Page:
• or even better - make a list of projections and apply them with @': {(c$97+26!-96+;-1+)[x~'0+x]@'x}. here -96 (which is +1 minus the ascii code of "a") can be replaced with 8 as it's taken mod 26. – ngn Sep 18 '19 at 15:40 • another -1 byte by opting for capital letters: {(c$65+26!14+;-1+)[x=_x]@'x} – ngn Sep 18 '19 at 15:54
• @dzaima yours can be shortened through -9=@x -> x=_x – ngn Sep 18 '19 at 16:03

\$ka'~?*3({':+1\ R';$ >i::0Sqn=?/1-$ Try it online! General process is to read input, prepend with a 0 (coercion to string), convert back to a number (single char will always return -1), compare with input. If same, it must be a numerical value, subtract 1 and print. If not same, it must be a char, subtract 1, compare with {. If less than, print, otherwise replace it with a and print. Repeat until program performs a stack underflow. Output is separated by ; in order to save 1 byte (and has a trailing one). Input is space-separated. # Stax, 17 bytes àºÇ╝'♫d▬♣ΩÜEƒ6╩╬ó  Run and debug it This feels like it should be possible to do shorter, but I can't resist the opportunity to use a new stax feature from the last release. Treating the entire input as a string: 1. Regex replace runs of digits with eval(match) - 1. This is the new feature, as the regex block replacement is not a string, but an integer. 2. Regex replace runs of letters by ring-translating them around the lower-case alphabet. # Python 3, 66 bytes lambda X:[x-1if type(x)==int else chr(97+(ord(x)+8)%26)for x in X]  Edit: I didn't see the solution of Jitse until now. The trick of if''!=i*0 is awesome! # C#, 148 bytes (object[] o)=>{var l=new List<object>();foreach(var h in o){try{l.Add((int)h-1);}catch{var c=((char)h+1);if(c>122){c=97;}l.Add((char)c);}}return l;}  Repl.it link Ungolfed: var inputList = new object[] {'a', 2, 'z', 6}; var outputList = new List<object>(); foreach (var currentItem in inputList) { try { outputList.Add((int)currentItem-1); } catch { var currentItemPlusOne = ((char)currentItem + 1); if (currentItemPlusOne > 122) { currentItemPlusOne = 97; } outputList.Add((char)currentItemPlusOne); } }  # Charcoal, 16 bytes ＷＳ⟦⎇№βι§β⊕⌕βιＩ⊖ι  Try it online! Link is to verbose version of code. Takes input on STDIN, each line being either a single lowercase letter or an integer, and outputs on separate lines on STDOUT. Explanation: ＷＳ  Repeatedly input from STDIN until an empty line is reached. ⟦  Make this expression output on its own line. ⎇№βι  Is this a substring of the predefined lowercase alphabet? §β⊕⌕βι  If so then print the next letter cyclically indexed. Ｉ⊖ι  Otherwise decrement the value and cast back to string for implicit print. # Zsh, 47 bytes a=({a..z} a) for i <<<${a[$a[(i)$i]+1]:-$[--i]}  Try it online! a=({a..z} a) # append extra 'a' to the end to handle 'z' case for i # for i in "$@" arguments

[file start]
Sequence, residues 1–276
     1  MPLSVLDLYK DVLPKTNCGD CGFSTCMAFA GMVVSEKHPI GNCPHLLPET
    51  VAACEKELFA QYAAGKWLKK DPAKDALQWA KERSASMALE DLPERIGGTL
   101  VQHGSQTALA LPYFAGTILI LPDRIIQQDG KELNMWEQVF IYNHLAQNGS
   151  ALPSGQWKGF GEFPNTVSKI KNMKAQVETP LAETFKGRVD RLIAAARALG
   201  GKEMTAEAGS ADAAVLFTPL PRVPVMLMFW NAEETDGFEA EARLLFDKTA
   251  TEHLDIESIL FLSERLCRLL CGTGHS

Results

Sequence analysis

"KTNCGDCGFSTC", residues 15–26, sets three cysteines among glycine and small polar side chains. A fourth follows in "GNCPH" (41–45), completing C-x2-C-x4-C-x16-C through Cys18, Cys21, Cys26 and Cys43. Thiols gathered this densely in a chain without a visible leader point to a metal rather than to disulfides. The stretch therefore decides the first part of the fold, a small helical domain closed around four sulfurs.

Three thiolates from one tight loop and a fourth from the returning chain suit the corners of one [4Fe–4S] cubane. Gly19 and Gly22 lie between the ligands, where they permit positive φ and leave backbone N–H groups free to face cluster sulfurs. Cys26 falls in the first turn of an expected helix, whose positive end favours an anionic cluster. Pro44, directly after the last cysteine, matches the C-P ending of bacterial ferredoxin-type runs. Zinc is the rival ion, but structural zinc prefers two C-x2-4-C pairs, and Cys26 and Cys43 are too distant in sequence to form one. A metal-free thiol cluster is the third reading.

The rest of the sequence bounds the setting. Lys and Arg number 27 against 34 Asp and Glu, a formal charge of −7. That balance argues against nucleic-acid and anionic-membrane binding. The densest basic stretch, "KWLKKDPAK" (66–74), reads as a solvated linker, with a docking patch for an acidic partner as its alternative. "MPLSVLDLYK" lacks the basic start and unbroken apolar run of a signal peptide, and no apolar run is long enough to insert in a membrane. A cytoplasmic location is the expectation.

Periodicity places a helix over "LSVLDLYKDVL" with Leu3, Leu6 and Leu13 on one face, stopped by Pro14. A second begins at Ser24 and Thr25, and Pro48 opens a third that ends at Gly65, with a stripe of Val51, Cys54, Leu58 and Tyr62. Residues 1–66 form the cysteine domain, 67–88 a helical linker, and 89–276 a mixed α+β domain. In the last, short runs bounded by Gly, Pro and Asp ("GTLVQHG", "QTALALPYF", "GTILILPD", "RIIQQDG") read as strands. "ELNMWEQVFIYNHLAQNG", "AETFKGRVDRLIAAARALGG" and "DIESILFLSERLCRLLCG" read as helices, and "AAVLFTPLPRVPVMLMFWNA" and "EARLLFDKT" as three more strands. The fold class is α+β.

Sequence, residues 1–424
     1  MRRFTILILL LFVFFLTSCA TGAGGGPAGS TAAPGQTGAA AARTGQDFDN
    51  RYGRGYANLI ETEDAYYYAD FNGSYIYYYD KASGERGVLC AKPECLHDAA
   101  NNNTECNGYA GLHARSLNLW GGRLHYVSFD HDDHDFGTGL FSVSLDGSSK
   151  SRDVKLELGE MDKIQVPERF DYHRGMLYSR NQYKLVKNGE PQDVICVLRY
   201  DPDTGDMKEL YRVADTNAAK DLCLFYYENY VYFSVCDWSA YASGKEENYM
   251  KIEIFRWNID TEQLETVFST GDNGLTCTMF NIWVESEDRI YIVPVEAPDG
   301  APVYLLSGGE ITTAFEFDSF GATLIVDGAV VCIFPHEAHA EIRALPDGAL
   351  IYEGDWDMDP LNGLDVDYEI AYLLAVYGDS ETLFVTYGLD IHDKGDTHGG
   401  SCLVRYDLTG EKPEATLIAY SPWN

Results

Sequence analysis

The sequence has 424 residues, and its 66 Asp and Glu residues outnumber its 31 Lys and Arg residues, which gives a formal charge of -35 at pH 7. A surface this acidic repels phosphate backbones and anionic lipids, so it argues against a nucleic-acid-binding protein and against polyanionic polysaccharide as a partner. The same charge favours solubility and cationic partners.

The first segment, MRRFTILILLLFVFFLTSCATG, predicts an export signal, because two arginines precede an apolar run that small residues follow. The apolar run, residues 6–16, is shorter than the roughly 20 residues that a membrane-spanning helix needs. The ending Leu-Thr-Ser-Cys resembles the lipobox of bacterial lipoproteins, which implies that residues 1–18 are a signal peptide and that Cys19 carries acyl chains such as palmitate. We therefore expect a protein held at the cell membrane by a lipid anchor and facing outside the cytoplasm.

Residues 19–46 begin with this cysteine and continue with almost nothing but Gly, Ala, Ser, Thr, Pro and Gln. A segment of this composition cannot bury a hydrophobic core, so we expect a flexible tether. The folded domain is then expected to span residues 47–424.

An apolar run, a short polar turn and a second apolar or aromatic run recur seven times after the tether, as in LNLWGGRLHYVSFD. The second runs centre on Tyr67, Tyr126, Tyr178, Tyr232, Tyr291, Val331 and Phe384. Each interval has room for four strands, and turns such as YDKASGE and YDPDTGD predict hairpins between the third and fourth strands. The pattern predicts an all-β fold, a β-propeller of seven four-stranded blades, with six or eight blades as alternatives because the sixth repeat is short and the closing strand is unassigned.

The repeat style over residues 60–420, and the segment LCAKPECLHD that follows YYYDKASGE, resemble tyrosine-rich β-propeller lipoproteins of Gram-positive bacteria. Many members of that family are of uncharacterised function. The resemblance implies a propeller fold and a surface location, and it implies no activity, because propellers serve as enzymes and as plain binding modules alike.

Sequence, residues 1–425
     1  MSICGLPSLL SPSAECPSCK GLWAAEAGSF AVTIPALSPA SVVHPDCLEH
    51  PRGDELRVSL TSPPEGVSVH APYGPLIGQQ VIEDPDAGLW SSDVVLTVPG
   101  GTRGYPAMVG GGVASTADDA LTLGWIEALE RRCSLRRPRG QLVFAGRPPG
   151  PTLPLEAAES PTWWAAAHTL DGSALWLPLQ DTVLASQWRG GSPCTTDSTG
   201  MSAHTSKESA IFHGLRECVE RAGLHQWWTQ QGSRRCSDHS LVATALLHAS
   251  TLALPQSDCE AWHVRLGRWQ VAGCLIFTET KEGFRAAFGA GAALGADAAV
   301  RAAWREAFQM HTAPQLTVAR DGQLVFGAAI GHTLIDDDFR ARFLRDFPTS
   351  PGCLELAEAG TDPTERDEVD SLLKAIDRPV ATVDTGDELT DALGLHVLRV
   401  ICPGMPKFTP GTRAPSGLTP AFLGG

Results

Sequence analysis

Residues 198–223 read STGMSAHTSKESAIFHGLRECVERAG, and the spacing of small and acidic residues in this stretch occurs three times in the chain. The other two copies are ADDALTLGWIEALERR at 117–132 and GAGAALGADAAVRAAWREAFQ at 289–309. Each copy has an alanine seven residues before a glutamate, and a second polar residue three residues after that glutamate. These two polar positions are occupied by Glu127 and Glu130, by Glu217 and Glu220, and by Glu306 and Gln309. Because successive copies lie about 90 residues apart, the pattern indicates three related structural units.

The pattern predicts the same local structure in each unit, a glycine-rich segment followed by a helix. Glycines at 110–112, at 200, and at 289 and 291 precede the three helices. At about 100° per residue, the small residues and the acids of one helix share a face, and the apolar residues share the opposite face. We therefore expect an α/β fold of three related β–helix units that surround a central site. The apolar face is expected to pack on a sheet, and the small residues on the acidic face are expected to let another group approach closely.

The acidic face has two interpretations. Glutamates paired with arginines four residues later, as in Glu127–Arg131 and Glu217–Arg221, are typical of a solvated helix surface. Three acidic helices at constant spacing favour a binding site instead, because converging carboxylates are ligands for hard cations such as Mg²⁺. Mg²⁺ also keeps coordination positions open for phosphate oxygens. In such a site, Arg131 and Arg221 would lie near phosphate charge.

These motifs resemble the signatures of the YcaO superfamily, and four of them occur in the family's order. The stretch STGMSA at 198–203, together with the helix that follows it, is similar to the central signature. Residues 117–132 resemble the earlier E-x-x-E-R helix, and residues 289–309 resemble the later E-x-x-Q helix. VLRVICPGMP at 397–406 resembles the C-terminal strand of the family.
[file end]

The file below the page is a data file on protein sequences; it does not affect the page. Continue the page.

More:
<<<${a[$a[(i)$i]+1]:-$[--i]}
$a[(i)$i]              # first (i)ndex of $i in list (if not found, set to after last index) [ +1] # increment${a[           ]        }  # value in array at index. if lookup fails, empty string
${ :-$[--i]}  # if empty, decrement $i and substitute instead <<< # print to stdout  # C (gcc), 93 86 bytes f(int**s){for(char**p=s,*z;z=*p++;)64&*z?*z=*z-'z'?++*z:97:sprintf(z,"%d",atoi(z)-1);}  Try it online! The input is a NULL-terminated array of '\0'-terminated strings, e.g. {"a", "b", "c", "17", NULL}. -7 bytes thanks to @ceilingcat # Perl 6, 31 bytes *>>.&{(try$_-1)||chr ord ++$_}  Try it online! Anonymous Whatever lambda that maps each element to the list and attempts to subtract one from it, otherwise incrementing it and taking the first character in the case that z wraps over to aa. # T-SQL 2012, 61 bytes Capital letters needed in input. Using table variable as input. SELECT iif(x<'a',left(x-1,9),char((ascii(x)-64)%26+65))FROM @  Try it online # SimpleTemplate, 80 bytes This was written on a language I've made. Due to limitations in the compiler, I can't reduce it any more. {@eachargv}{@if_ is matches"@\d+@"}{@incby-1_}{@echol_}{@else}{@inc_}{@echol_.0}  And now, ungolfed: {@each argv as value} {@if value is matches "@\d+@"} {@inc by -1 value} {@else} {@inc by 1 value} {@/} {@echo value, "\n"} {@/}  And the explanation: • {@each argv as value} - loops through all values in argv. (argv contains all the arguments passed). If the as <var> isn't present, the default _ variable is assumed. • {@if value is matches "@\d+@"} - checks that value matches with the regular expression "@\d+@". • {@inc by -1 value} - increments the value by -1 (basically, a decrement). • {@echo value, "\n"} and {@echol_} - echol outputs the values passed and appends a line at the end. • {@else} - self-explanatory • {@inc by 1 value} - increments the value by 1. If the by <value> is missing, it is assumed to be 1. • {@echo value.0, "\n"} and {@echol_.0} - echol outputs the values passed and appends a line at the end. This is required because of the challenge rules: z wraps to a. When an @inc is used on a string, it increments the chars and, once it hits z, it wraps to aa. Outputting the first character satisfies the challenge, at the cost of 7 bytes. • {@/} - closes the {@else} above (optional). • {@/} - closes the {@each} above (optional). Each passed argument to render() will be a new value that is considered. ## Perl, 64 bytes foreach (@ARGV){$_=~m/[a-zA-Z]/?++$_:--$_;print substr \$_,0,1;}